Kent may no longer boast a working Royal Naval dockyard but the salt traditions still runs deep through the veins of the County. There will be many, including the families and friends of my own constituents serving on HMS Bulwark, who will have watched with the mixed emotions of sadness and pride the television reports of the evacuation of the British from Lebanon.
Sadness because their boys and girls had already been at sea for more than half a year and were on their way home when the call came and they were turned back on their errand of mercy. Pride, because those same boys and girls were doing what they were trained to do so well in the interests of our country and in the service of its citizens.
For most, our sailors and Royal Marines are visible on Navy Days and during goodwill visits to the seaside towns and ports with which they have formed associations. For the rest, the Senior Service is out at sea, out of sight and out of mind. To see the terrorised and traumatised families, refugees and innocent victims from a vicious and unnecessary war, enjoying the relative comfort and certain safety of the wardroom, and to know that sleepless sailors had turned over their cabins and their bunks to those in greater need, once again underscored the point that, when needed, our navy is still there. Just.
I flew, in May, to join HMS Bulwark off the coast of Oman. Following months on patrol in the Gulf in support of our troops in Iraq she was engaged in the interdiction of small craft plying between the coast of Pakistan and East Africa and carrying contraband fuel, drugs and, more sinisterly, likely "AQ" terrorists.
From Muscat she entered the Red Sea before travelling through Suez and into the Mediterranean on her way home. She was due to cross the Straits of Gibraltar when she was ordered back to Lebanon for the evacuation.
HMS Bulwark is one of our newest capital ships, launched in November 2001. An LPD (Landing Platform Dock), she has a crew of about 300 and an additional complement of 83 Royal Marine Commandos. She also carries a further 300 Marines together with Landing Craft, Tanks and helicopters. The men and women on board are amongst the most highly-trained and professional that it has been my privilege to meet and the ship punches way above her "general capability" fighting weight.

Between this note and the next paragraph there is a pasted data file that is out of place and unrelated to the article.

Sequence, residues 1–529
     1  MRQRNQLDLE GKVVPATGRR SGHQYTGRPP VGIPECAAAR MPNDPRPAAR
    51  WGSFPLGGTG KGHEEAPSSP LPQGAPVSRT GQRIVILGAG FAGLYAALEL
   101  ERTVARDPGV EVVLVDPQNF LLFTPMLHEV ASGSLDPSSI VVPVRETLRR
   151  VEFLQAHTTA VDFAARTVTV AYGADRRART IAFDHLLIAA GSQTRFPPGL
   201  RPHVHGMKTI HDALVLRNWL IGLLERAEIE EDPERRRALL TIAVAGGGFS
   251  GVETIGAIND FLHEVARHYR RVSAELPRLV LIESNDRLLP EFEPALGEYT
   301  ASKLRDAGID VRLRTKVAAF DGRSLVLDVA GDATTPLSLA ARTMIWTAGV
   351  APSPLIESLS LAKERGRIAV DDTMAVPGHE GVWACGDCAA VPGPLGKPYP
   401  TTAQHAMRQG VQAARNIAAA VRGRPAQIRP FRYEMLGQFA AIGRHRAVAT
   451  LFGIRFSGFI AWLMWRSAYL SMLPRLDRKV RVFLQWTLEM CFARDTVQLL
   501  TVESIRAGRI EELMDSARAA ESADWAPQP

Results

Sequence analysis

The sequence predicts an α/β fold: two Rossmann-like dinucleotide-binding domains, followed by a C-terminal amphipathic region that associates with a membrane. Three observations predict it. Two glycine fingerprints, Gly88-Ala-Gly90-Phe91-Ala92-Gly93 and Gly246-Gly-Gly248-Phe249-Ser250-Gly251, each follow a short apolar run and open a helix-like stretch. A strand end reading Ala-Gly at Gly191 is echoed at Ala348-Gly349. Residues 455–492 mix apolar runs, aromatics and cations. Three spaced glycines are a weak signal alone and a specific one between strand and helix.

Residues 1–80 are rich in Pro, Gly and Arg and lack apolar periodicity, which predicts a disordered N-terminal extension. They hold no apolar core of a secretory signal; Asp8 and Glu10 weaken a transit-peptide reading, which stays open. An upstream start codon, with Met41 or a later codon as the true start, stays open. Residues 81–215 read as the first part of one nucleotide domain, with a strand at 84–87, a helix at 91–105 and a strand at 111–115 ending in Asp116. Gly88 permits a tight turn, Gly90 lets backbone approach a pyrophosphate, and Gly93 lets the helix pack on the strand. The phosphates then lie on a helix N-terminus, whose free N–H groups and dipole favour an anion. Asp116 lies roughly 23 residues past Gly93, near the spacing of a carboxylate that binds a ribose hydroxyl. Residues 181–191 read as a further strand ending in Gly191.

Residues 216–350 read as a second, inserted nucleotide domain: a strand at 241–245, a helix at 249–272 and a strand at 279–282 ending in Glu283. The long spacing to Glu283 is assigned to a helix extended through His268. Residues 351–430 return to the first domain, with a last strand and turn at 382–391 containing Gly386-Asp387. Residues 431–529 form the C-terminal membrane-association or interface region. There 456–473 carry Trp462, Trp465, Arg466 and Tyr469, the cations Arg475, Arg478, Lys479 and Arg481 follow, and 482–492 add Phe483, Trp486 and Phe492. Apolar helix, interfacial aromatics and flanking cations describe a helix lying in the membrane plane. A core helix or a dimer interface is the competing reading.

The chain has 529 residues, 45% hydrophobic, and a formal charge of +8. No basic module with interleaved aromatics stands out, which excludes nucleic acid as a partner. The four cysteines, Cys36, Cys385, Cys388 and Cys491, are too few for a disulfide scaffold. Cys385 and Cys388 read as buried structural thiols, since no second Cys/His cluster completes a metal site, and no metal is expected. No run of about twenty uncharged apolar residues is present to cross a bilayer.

There is a dark side, also. HMS Bulwark was conceived during cold war days and designed for operations in Arctic waters. For the past many months her engineers have been battling to keep her cool and working in an intense heat with which her systems were never intended to cope. That they have done so successfully is I tribute to their skill rather than that of military planners.
Additionally., the treasury bean-counters stripped £10 million, and a complete deck, out of her construction costs. That deck happened to include full military hospital facilities (that might have been much-needed in Lebanon), accommodation and training facilities for the fighting men of the marines and, unbelievably, hangar space for the helicopters. (One, only, helo can be accommodated in a blow-up "bouncy castle" that has to be stowed every time an aircraft needs to take off!)
HMS Bulwark will, shortly, return to her home port and, I trust, a heroes welcome. Her crew will take a much needed break and the ship will go into re-fit. It would be good to think that a grateful nation will now make sure that she will, belatedly, be given the additional capabilities that she, and those who serve in her, need and so richly deserve.
Her Captain, Clive Johnstone, said to me this week, "You can be very proud of your ship". I am, and I want better for her.